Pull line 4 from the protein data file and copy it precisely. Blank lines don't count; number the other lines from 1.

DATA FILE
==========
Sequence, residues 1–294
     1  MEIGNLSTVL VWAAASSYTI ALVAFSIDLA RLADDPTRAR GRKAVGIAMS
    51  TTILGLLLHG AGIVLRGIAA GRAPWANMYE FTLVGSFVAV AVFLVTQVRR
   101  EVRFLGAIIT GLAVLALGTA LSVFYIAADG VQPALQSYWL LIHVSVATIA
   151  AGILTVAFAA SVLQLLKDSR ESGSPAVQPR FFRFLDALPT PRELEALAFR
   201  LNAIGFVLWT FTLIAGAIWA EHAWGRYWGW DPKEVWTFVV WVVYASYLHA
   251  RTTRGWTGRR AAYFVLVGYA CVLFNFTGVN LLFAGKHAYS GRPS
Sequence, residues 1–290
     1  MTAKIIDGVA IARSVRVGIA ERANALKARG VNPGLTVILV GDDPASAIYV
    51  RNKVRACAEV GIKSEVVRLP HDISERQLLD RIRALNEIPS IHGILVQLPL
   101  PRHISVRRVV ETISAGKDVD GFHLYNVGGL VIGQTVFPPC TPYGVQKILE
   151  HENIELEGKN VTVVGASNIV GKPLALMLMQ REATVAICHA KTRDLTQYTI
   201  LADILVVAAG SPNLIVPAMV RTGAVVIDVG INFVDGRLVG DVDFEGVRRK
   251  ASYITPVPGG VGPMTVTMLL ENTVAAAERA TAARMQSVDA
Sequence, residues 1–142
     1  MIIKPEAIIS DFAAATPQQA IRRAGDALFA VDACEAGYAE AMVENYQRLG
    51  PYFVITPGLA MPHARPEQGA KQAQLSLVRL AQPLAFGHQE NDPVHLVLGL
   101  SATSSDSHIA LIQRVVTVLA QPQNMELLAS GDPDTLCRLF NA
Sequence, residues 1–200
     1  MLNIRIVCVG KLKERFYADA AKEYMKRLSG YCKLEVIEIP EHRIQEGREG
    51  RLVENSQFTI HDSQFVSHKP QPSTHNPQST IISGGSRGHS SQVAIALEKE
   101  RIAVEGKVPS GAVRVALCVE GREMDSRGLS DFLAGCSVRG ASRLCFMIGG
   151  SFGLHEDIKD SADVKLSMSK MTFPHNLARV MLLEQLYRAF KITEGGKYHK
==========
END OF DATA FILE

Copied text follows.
   101  EVRFLGAIIT GLAVLALGTA LSVFYIAADG VQPALQSYWL LIHVSVATIA